The congestion charge contributes 4.1% of Transport for London’s total income with the net income figure of £146.7m spent on improving the cities transport in line with the mayors strategy. This strategy targets 80% of trips to be walking, cycling or public transport by 2041. The congestion charge contributes to achieving this reduced dependency on motor vehicle trips by monetarily disincentivizing such trips and by improving the infrastructure in different modes of transport. By law, increases in revenue raised by the congestion charge are required to be re-invested in transport in London. While the charge may be seen as costly for individuals, it has been largely perceived as a favorable measure on the whole because of the subsequent reduction in traffic congestion. There is a large decrease in air pollution in the congestion charge zone, but this decrease is minor in the context of the Greater London area.

The congestion charge operates as a monetary incentive to encourage low-emission and electric vehicles as well as non-motorized means of travel. This additional co-benefit may allow for a greater reduction in air pollutants if it influences a greater uptake of EVs in London more broadly.

References

BBC News Uk London Congestion Charge. (2019). Retrieved 3 October 2019, from: http://news.bbc.co.uk/2/shared/spl/hi/uk/03/congestion_charge/exemptions_guide/html/works.stm
City of London. (2018). Traffic in the City 2018. London: City of London. Retrieved from: http://democracy.cityoflondon.gov.uk/documents/s91800/Appendix+1+-+Traffic+in+the+City+2018.pdf

Leape, J. (2006). The London congestion charge. Journal of Economic Perspectives, 20(4), 157-176.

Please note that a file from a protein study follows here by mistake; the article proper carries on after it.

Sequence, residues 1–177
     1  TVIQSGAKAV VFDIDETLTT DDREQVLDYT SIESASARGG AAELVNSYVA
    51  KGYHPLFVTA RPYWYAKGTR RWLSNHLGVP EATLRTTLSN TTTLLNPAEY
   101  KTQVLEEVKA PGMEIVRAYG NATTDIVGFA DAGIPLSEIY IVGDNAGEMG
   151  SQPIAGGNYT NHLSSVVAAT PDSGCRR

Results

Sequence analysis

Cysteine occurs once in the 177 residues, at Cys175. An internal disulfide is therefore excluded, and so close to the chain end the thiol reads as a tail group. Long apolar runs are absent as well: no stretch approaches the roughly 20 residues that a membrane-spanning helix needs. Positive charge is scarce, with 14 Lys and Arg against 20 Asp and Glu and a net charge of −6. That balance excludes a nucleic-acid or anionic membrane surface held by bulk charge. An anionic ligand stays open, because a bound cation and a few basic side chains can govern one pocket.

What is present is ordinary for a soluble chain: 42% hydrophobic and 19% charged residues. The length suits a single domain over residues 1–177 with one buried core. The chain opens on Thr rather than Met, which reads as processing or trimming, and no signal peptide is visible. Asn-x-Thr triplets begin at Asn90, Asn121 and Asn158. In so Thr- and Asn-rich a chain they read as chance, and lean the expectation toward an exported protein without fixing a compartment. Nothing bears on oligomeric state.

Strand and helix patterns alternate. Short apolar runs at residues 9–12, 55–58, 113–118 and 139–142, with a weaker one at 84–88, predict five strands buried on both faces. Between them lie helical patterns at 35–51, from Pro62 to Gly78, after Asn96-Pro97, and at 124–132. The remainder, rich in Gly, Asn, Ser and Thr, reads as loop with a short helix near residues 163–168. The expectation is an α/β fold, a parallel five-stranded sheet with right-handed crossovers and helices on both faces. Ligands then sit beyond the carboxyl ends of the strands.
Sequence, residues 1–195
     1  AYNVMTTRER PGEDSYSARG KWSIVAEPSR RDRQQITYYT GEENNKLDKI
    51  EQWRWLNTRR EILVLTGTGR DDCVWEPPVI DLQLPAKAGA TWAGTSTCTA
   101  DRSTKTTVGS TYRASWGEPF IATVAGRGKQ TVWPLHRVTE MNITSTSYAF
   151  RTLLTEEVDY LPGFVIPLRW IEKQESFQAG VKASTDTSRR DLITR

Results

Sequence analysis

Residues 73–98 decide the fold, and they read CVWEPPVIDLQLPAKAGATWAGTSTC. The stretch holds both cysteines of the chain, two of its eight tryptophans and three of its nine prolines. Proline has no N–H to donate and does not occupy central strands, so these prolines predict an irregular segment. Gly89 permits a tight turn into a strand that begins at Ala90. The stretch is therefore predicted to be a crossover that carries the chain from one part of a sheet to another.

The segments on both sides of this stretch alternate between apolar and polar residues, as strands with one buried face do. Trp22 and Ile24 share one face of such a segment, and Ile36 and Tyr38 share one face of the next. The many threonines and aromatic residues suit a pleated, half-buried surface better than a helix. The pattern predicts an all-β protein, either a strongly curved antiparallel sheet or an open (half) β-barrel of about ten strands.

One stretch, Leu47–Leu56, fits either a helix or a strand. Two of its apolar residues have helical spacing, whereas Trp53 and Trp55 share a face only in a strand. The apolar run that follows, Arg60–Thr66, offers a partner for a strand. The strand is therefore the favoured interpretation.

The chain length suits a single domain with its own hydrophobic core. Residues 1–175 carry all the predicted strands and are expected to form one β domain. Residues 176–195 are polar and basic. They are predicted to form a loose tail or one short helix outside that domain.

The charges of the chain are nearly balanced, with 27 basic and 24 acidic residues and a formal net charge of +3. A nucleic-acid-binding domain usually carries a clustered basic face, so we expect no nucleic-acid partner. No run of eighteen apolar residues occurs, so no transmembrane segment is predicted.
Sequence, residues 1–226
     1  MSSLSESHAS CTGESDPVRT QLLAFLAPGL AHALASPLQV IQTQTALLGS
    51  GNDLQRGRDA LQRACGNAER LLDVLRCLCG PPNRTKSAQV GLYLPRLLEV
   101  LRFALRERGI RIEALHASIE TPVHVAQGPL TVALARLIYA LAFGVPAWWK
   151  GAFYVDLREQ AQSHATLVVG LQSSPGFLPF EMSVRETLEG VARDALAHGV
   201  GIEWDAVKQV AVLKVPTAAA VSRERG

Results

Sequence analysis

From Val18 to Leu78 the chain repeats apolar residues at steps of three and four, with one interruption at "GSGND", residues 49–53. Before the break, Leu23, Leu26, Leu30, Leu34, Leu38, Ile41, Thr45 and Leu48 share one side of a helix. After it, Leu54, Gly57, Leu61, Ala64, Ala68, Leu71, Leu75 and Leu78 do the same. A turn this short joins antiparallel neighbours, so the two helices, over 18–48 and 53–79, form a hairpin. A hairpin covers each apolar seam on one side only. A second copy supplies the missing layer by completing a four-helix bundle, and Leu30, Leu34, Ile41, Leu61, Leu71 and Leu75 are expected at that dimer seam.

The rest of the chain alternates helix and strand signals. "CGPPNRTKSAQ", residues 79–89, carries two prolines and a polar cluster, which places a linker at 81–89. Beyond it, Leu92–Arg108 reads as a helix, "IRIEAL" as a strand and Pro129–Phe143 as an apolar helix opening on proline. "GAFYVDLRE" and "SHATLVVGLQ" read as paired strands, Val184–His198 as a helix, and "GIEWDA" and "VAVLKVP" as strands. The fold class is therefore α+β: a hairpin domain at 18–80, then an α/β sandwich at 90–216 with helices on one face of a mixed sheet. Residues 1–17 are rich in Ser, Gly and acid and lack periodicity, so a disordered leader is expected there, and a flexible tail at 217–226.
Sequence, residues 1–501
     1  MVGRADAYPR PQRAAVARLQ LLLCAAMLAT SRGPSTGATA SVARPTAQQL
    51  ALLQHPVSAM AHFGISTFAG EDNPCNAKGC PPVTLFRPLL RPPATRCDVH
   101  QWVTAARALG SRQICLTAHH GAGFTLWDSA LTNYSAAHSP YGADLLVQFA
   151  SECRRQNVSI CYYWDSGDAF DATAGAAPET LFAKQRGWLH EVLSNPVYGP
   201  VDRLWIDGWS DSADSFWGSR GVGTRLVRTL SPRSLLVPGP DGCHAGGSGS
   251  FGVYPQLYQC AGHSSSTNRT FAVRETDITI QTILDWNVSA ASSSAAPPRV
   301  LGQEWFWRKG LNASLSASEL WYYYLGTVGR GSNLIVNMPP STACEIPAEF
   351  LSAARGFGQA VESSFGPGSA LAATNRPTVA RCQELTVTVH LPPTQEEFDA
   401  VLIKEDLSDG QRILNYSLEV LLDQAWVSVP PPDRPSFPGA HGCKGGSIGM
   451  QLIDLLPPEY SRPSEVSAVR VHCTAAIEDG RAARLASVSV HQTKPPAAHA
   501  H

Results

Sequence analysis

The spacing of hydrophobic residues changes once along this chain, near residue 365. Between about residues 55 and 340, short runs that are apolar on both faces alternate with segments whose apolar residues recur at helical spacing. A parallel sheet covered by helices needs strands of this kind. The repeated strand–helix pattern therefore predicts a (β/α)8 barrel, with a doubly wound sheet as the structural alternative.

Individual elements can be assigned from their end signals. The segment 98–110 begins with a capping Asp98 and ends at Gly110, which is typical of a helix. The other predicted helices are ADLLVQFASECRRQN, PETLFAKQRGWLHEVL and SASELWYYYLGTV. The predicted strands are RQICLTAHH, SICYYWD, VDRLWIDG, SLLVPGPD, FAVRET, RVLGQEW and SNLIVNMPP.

Mackie, P. (2005). The London congestion charge: A tentative economic appraisal. A comment on the paper by Prud’homme and Bocajero. Transport Policy, 12(3).

Morton, C., Lovelace, R., & Anable, J. (2017). Exploring the effect of local transport policies on the adoption of low emission vehicles: Evidence from the London Congestion Charge and Hybrid Electric Vehicles. Transport Policy, 60, 34-46.

Prud’Homme, R., & Bocarejo, J. P. (2005). The London congestion charge: a tentative economic appraisal. Transport Policy, 12(3), 279-287.

Santos, G., & Bhakar, J. (2006). The impact of the London congestion charging scheme on the generalised cost of car commuters to the city of London from a value of travel time savings perspective. Transport Policy, 13(1), 22-33.

Santos, G., & Shaffer, B. (2004). Preliminary results of the London congestion charging scheme. Public Works Management & Policy, 9(2), 164-181.

Tonne, C., Beevers, S., Armstrong, B., Kelly, F., & Wilkinson, P. (2008). Air pollution and mortality benefits of the London Congestion Charge: spatial and socioeconomic inequalities. Occupational and Environmental Medicine, 65(9), 620-627.

Transport for London. (2019). Annual Report and Statement of Accounts 2018/19. London: Mayor of London.

Reference this

Policymeasures.com (2020). Congestion Charging in London. Available at: https://policymeasures.com/measure/congestion-charging-in-london/. Last accessed: 23-02-2020.